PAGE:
The new album overall is more raw and direct, punchy and abrasive, than a lot of their previous work – yet still has moments of sombre beauty and sees the band fully embrace their next phase – helped in part by legendary New York Producer Dave Fridmann (Mercury Rev, Flaming Lips, MGMT, Mogwai). This new Interpol seem fierce and ready for action, having indulged their fans with the retrospective tour, they now have their sights set firmly on the future.

It must have been an interesting couple of years for you, having recently finished the Turn On The Bright Lights anniversary tour and also making this new album – a combination of looking back whilst pushing forward.

Yeah that just happened to be the timing of it. It certainly wasn’t planned that way, but that’s how things shook out. I think the reason for the tour was we just felt happy to do it, we didn’t overthink the decision, it was an idea that came about and everyone said “Yeah that sounds like fun!” We didn’t look at it as a nostalgic tour. I mean, we were pretty far along writing the new record when we decided to tour. We thought maybe it would be an interesting experience, like a healthy exercise, weirdly enough, to leave these new songs alone for five months. And then we had this great Bright Lights tour and people’s reactions were so much more than we anticipated. Seeing teenagers, to people who were probably there when it came out – it was just something else. It was really humbling.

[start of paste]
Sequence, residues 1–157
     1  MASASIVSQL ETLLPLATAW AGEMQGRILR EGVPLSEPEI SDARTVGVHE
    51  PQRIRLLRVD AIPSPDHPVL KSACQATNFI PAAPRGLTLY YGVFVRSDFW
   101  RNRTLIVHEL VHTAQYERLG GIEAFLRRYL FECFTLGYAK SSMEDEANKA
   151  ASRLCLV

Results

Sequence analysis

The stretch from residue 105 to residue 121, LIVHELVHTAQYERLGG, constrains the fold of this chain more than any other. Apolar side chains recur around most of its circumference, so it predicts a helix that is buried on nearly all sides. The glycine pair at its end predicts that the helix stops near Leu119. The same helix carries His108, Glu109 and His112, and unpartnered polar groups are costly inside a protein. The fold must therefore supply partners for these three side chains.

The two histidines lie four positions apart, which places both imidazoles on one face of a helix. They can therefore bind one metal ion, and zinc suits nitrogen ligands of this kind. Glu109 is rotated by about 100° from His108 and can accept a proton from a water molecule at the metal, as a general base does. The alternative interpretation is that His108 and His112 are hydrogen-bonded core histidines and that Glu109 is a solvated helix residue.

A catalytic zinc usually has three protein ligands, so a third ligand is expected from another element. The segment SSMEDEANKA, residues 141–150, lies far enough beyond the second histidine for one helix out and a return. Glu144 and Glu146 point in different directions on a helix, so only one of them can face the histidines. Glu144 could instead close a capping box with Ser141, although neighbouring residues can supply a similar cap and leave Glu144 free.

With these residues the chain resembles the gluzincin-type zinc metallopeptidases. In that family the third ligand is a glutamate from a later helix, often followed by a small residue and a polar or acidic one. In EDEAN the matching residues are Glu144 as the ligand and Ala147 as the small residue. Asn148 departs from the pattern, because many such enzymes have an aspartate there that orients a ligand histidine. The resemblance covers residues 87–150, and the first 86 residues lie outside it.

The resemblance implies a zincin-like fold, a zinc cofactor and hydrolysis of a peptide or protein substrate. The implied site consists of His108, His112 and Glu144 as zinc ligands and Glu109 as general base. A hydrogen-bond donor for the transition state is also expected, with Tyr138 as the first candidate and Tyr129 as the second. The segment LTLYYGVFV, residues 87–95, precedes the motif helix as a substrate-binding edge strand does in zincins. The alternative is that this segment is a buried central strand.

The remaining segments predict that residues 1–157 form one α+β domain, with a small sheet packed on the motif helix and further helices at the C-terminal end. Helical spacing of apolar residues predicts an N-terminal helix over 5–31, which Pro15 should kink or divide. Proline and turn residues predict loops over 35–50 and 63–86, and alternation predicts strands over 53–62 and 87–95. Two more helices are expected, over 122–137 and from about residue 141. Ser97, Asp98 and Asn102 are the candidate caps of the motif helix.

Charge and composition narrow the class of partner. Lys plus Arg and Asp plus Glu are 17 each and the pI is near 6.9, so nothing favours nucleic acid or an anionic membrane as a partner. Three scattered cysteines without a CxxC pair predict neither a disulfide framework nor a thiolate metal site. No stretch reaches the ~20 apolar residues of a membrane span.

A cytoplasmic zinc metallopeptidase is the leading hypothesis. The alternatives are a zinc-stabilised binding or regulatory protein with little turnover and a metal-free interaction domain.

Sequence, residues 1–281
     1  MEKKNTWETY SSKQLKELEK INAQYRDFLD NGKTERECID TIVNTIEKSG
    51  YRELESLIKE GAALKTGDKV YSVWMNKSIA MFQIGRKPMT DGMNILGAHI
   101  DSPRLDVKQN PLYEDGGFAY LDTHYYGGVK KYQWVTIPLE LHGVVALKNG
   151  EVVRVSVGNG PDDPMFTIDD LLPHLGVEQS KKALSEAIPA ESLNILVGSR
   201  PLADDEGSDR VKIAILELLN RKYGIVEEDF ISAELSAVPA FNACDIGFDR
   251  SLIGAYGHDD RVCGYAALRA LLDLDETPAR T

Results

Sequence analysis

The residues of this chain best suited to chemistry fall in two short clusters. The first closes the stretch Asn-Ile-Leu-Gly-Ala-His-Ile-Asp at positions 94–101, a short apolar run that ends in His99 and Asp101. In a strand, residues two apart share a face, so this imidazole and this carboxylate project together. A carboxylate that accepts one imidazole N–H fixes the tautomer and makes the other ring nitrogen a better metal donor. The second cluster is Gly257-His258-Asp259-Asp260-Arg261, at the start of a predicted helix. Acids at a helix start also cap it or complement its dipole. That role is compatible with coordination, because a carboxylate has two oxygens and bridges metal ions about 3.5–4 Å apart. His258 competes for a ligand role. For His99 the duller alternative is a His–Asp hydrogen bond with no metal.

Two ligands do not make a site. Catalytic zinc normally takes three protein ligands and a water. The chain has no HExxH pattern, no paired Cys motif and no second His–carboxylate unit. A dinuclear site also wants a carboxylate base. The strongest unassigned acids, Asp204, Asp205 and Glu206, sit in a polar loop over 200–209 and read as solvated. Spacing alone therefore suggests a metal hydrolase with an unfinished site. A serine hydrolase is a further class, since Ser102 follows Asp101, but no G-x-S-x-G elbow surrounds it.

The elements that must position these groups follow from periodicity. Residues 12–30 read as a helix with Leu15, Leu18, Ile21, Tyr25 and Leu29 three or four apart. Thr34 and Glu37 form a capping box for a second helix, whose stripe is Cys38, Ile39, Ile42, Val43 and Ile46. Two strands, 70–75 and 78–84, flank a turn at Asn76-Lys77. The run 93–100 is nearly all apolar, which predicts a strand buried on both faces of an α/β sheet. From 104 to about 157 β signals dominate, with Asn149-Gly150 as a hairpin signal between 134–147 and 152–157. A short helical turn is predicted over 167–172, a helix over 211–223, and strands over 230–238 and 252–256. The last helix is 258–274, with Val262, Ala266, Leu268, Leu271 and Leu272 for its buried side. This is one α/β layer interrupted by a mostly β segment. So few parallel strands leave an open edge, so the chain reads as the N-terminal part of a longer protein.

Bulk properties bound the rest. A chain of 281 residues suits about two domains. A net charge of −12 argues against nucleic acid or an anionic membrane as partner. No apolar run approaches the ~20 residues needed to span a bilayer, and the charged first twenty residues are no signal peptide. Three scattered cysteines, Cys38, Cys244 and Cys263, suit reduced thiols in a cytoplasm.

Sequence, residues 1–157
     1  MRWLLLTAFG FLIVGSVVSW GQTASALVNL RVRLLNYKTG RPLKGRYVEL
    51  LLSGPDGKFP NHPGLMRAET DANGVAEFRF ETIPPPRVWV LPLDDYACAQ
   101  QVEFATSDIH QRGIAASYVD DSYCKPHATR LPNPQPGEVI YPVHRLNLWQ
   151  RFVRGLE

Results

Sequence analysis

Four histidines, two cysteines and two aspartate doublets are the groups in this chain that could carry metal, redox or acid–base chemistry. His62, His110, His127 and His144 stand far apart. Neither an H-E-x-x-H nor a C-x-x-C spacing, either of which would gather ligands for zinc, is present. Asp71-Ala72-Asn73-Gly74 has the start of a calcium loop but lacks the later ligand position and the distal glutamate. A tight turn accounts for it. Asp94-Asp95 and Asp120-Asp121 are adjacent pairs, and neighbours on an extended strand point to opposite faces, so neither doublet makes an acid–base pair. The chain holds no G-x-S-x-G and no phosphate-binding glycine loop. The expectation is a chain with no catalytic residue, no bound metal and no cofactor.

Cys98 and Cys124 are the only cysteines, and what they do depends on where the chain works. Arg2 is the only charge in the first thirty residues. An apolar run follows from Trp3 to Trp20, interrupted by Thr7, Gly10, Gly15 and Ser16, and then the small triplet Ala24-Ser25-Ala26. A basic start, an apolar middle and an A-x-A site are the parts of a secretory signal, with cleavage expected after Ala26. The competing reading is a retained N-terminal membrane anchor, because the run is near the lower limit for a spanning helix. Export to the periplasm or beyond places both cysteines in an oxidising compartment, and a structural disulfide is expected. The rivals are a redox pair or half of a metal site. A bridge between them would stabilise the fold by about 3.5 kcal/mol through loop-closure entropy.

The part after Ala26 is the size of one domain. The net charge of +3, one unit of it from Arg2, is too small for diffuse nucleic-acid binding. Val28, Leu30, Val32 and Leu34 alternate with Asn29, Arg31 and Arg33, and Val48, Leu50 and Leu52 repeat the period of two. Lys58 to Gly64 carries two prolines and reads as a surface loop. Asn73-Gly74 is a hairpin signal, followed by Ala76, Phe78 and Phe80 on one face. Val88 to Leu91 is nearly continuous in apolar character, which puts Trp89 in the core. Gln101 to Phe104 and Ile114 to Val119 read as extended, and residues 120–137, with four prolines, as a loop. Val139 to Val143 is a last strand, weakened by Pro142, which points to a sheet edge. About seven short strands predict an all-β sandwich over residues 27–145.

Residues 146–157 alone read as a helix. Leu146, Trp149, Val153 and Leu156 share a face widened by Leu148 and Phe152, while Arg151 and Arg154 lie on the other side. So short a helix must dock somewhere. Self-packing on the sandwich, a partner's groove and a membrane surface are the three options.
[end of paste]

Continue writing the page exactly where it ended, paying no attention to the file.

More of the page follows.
Yeah I bet. I wish I could have caught that tour. So the new album was mostly complete by the time you went on tour? That must have been really interesting to leave the songs and come back to them after a tour playing all your old stuff. And then when you came back and started playing them again, did they feel different?